Estimating effects of parents’ cognitive and non-cognitive skills on offspring education using polygenic scores

Perline A. Demange, Jouke Jan Hottenga, Abdel Abdellaoui, Espen Moen Eilertsen, Margherita Malanchini, Benjamin W Domingue, Emma Armstrong-Carter, Eveline L de Zeeuw, Kaili Rimfeld, Dorret I. Boomsma, Elsje van Bergen, Gerome Breen, Michel G. Nivard, Rosa Cheesman*

*Corresponding author for this work

Research output: Contribution to journalArticlepeer-review

15 Citations (Scopus)
54 Downloads (Pure)


Understanding how parents’ cognitive and non-cognitive skills influence offspring education is essential for educational, family and economic policy. We use genetics (GWAS-by-subtraction) to assess a latent, broad non-cognitive skills dimension. To index parental effects controlling for genetic transmission, we estimate indirect parental genetic effects of polygenic scores on childhood and adulthood educational outcomes, using siblings (N = 47,459), adoptees (N = 6407), and parent-offspring trios (N = 2534) in three UK and Dutch cohorts. We find that parental cognitive and non-cognitive skills affect offspring education through their environment: on average across cohorts and designs, indirect genetic effects explain 36–40% of population polygenic score associations. However, indirect genetic effects are lower for achievement in the Dutch cohort, and for the adoption design. We identify potential causes of higher sibling- and trio-based estimates: prenatal indirect genetic effects, population stratification, and assortative mating. Our phenotype-agnostic, genetically sensitive approach has established overall environmental effects of parents’ skills, facilitating future mechanistic work.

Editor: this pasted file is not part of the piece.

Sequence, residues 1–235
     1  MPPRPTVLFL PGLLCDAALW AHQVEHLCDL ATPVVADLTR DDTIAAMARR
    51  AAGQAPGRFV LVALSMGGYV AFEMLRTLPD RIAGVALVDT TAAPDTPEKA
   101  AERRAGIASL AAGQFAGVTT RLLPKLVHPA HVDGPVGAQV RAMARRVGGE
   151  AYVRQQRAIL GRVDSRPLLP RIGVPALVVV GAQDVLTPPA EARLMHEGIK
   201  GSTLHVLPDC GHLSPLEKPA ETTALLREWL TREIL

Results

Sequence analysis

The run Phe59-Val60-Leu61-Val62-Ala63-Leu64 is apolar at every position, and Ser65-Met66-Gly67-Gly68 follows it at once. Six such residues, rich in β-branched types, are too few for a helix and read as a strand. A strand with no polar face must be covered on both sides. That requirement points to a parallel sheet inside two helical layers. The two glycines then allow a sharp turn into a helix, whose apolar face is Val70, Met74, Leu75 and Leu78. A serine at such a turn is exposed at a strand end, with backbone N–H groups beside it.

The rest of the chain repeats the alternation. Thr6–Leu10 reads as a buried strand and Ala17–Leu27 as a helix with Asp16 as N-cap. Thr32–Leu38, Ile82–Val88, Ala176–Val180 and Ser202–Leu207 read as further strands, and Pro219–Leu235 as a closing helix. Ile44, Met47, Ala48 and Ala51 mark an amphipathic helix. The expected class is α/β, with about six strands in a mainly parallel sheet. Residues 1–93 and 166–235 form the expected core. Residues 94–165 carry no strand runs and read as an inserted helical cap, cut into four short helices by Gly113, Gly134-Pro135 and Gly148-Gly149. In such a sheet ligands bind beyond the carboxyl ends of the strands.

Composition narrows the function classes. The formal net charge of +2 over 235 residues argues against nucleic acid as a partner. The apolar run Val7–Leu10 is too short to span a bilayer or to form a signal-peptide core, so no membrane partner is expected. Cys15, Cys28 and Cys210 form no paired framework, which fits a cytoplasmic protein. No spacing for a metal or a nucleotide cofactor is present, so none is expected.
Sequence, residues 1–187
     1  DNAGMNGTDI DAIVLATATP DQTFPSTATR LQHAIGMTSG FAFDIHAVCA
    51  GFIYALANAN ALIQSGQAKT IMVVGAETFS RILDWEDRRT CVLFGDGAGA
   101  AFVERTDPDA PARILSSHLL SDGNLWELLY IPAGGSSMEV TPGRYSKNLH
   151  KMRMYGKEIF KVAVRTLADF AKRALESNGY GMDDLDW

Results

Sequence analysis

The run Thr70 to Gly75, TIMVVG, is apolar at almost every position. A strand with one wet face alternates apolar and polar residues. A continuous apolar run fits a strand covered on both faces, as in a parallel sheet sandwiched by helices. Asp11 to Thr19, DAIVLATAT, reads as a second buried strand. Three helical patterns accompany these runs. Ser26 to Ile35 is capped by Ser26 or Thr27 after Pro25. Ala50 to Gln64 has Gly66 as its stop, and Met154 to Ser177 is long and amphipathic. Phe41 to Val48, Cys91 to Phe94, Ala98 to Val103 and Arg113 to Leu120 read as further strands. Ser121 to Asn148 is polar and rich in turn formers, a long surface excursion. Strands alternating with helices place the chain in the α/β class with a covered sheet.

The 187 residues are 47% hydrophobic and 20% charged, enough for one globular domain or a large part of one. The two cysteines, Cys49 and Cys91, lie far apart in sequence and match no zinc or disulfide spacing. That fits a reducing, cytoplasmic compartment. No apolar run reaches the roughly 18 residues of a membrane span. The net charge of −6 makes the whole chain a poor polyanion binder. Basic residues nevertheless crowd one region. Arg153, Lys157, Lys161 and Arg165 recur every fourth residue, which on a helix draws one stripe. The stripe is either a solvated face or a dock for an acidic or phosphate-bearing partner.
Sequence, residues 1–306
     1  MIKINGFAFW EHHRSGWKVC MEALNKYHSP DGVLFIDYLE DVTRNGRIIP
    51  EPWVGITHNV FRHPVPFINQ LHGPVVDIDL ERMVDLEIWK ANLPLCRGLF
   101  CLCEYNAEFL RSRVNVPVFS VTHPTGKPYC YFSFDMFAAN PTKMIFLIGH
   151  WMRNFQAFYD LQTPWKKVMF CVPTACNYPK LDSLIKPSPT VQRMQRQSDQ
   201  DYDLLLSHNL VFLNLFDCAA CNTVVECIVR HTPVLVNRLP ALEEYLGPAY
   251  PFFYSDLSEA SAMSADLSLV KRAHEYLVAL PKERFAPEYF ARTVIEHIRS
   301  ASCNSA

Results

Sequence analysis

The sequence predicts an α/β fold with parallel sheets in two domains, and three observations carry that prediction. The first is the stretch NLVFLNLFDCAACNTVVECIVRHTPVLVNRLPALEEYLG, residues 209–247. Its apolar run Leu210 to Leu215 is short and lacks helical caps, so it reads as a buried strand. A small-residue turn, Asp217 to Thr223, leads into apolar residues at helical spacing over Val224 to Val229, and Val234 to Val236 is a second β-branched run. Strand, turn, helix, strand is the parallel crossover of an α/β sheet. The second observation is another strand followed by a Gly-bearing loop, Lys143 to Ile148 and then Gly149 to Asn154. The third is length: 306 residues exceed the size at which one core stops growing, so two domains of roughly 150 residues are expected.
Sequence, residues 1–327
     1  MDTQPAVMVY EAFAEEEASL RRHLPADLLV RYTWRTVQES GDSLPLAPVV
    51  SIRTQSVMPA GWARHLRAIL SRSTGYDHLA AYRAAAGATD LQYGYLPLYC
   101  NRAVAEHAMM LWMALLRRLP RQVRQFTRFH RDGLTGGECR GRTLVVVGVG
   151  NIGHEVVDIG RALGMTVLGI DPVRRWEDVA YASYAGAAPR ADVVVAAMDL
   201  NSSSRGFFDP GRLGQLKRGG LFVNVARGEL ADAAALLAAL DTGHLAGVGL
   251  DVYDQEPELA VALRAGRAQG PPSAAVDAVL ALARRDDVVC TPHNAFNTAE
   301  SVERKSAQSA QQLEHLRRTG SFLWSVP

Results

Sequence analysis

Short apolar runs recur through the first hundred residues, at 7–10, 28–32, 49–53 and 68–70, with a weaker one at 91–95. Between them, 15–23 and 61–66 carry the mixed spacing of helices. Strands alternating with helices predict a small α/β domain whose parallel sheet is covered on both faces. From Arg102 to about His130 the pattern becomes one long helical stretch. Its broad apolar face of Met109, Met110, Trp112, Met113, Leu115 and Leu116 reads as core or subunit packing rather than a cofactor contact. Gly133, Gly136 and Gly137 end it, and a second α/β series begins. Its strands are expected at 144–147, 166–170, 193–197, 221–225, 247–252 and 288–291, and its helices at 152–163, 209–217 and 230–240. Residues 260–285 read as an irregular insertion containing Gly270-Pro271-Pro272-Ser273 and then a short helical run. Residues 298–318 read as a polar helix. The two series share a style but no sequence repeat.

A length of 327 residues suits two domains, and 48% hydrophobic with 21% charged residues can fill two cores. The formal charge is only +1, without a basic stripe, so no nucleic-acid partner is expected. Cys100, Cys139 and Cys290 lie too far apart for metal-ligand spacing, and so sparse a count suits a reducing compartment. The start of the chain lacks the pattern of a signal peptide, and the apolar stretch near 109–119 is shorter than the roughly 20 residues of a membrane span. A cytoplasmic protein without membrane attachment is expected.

Original languageEnglish
Article number4801
JournalNature Communications
Early online date23 Aug 2022
Publication statusE-pub ahead of print - 23 Aug 2022


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